Hundreds Attend Inauguration of Senator Simcha Felder

 

     

    Close to 400 people, including prominent community leaders and elected officials, packed into Torah Emes Hall in Flatbush on Wednesday, February 13 to attend the inauguration of Senator Simcha Felder who was elected in a decisive victory in the 17th Senate District race. 

    Led by Master of Ceremonies Nachum Segal, the event began with a recitation of the Pledge of Allegiance performed by 19-year-old Evan Dweck, who initially met Senator Felder through the Special Children’s Center. 

    The overflow crowd heard remarks from Rabbi Nosson Scherman, the general editor of Artscroll/Mesorah Publications. Rabbi Scherman shared his personal reflections about the Senator, beginning from the time he was Simcha’s principal at the Yeshiva Karlin Stolin of Borough Park. 

    Brooklyn Supreme Court Judge Leon Ruchelsman, a long-time friend of the Senator, performed the swearing-in ceremony. 

    New York City Comptroller John Liu; Assemblyman Dov Hikind; Assemblywoman Helene Weinstein; and Councilman David Greenfield also addressed those assembled. 

    In his address to the audience, Senator Felder reviewed his many prior legislative achievements, and spoke enthusiastically and emphatically about his plans going forward.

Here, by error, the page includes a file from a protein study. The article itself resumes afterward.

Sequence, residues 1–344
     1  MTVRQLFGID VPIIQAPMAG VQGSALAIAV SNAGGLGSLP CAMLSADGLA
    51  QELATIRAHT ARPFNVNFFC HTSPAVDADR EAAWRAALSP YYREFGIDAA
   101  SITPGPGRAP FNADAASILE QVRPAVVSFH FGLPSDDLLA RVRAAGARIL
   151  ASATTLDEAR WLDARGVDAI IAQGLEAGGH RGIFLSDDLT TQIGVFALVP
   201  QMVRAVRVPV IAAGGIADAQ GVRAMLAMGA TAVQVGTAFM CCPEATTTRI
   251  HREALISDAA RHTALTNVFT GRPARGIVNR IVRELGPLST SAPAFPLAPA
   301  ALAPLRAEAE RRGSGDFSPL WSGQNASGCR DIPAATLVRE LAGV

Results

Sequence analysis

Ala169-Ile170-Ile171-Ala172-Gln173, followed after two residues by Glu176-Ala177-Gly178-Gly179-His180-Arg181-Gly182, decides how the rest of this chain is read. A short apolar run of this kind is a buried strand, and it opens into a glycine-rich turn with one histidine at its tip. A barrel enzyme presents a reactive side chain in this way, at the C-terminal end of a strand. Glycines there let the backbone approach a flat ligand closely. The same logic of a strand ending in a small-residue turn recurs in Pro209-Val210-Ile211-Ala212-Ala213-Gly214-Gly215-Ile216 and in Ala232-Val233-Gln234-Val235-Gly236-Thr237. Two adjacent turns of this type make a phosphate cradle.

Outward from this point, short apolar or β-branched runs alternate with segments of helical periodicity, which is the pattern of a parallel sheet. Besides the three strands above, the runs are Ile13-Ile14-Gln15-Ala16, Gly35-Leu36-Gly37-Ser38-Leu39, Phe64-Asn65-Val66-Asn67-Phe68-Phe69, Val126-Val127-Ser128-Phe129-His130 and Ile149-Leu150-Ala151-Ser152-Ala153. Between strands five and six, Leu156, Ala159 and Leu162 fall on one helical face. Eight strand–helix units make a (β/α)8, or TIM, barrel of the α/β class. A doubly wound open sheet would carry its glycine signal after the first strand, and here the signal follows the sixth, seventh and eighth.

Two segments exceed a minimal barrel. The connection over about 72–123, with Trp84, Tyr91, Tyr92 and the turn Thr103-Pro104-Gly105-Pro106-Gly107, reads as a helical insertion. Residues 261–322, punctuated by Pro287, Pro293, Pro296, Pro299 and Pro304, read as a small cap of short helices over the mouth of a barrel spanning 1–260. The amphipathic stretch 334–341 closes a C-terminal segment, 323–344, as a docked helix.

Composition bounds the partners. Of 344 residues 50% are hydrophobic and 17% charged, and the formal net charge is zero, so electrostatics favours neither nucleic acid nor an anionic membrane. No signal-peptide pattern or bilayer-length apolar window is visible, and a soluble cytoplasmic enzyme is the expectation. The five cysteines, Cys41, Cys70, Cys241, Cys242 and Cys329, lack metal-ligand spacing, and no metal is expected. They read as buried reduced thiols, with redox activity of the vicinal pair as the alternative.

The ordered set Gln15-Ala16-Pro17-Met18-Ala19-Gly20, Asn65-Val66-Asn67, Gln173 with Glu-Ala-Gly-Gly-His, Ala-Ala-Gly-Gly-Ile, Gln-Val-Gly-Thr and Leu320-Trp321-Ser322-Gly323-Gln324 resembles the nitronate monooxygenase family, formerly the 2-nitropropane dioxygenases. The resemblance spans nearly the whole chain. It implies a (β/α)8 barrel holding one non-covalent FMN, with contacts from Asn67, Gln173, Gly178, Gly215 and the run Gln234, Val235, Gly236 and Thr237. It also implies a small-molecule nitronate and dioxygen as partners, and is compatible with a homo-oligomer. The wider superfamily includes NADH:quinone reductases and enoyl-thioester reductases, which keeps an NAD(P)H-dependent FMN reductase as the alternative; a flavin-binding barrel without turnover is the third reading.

“More must be done to help ease the yeshiva and parochial school tuition crisis, whether through tax credits or vouchers,” the Senator said. “It is impossible for families to survive under the present conditions.”

    Senator Felder also committed himself to addressing school transportation costs and concerns facing families. “We can’t allow over a million school children to be held hostage by the unions who are more concerned about their own pockets than about the safety of our children,” he said. “Privatizing school bus service will save parents and the City loads of money.”

    Among Senator Felder’s legislative priorities is sponsoring City Council Speaker Quinn’s Middle Class Child Care Tax Credit legislation. Currently, the City only provides a child care tax credit to middle-class families earning less than $30,000 a year. This legislation will give families earning up to $150,000 a tax credit toward their child care costs. 

    “These are but a few of the initiatives I intend to pursue,” the Senator concluded. “I look forward to continuing to make a difference in the lives of all New Yorkers.”